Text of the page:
IP Watchdog: A Short History Lesson on Patent Policy, by Robert Taylor
This post originally appeared in IP Watchdog on June 21, 2015.
Robert Taylor is the founder and owner of RPT Legal Strategies PC in San Francisco and Silicon Valley.
To avert serious and lasting damage to our innovation ecosystem and our most promising young companies, it may be helpful to consider some history that appears to have been forgotten. For 225 years, the U.S. patent system has been one of the crown jewels of American economic policy, providing incentives for the commitment of time and money to create the next generation of technology. The Patent Act was one of first pieces of legislation adopted in 1790 by the first Congress, reflecting the Founders’ considered and thoughtful balancing of two competing objectives – allowing free and unfettered use of information and ideas in the public domain while encouraging innovation through limited protection of new and useful inventions. Those twin objectives have long provided a framework for managing the set of rules we call patent law. The current Congress, however, seems determined to abandon, or at least weaken, the latter of those objectives – the use of patents as incentives to innovate.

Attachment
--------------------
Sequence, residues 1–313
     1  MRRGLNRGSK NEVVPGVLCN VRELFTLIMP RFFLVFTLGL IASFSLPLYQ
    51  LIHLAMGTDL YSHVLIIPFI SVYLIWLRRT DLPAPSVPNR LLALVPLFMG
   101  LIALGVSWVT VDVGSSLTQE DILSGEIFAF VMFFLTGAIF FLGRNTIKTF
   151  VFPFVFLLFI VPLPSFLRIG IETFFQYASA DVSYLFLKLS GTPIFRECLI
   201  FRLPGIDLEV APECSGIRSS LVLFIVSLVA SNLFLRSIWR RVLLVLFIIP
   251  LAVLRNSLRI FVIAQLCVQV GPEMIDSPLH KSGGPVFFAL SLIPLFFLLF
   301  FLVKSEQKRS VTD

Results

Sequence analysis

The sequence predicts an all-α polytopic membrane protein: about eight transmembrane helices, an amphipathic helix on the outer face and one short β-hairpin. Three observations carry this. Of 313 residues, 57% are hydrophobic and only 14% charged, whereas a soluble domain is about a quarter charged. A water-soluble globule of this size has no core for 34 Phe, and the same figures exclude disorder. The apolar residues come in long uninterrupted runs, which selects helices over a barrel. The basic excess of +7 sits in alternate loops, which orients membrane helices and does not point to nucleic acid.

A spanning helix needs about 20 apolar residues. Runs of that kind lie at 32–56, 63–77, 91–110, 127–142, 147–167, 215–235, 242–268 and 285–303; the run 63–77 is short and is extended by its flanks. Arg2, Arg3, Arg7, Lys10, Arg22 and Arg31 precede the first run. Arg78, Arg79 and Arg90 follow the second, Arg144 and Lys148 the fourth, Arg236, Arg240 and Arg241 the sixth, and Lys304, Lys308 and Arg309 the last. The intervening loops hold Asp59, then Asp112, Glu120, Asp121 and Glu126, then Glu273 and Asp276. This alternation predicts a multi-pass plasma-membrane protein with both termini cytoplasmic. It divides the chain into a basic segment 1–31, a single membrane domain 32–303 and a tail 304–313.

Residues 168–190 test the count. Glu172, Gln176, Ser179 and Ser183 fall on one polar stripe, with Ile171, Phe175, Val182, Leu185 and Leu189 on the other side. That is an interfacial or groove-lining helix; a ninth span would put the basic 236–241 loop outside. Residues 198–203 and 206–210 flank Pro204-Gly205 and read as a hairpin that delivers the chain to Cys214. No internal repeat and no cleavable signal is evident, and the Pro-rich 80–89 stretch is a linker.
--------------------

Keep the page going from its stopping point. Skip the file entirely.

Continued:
Despite a major overhaul of the U.S. patent system only four years ago that included the creation of special procedures for challenging weak and invalid patents in the Patent Office, Congress is now pursuing legislation designed to make it more difficult, more risky and far more expensive to enforce all U.S. patents, even the best and strongest of patents on the most important inventions. H.R. 9 and S. 1137, both of which are currently working their way through the congressional process, reflect the agenda of some of the world’s largest corporations who want to make it more difficult for startups and small innovative companies to erode their markets with next generation technologies. Although members of Congress are being told that these bills will crack down on “patent trolls,” the reality is that the legislation will have less impact on NPEs than on companies trying to interest investors in funding the development of new drugs, new medical devices and myriad other breakthrough technologies.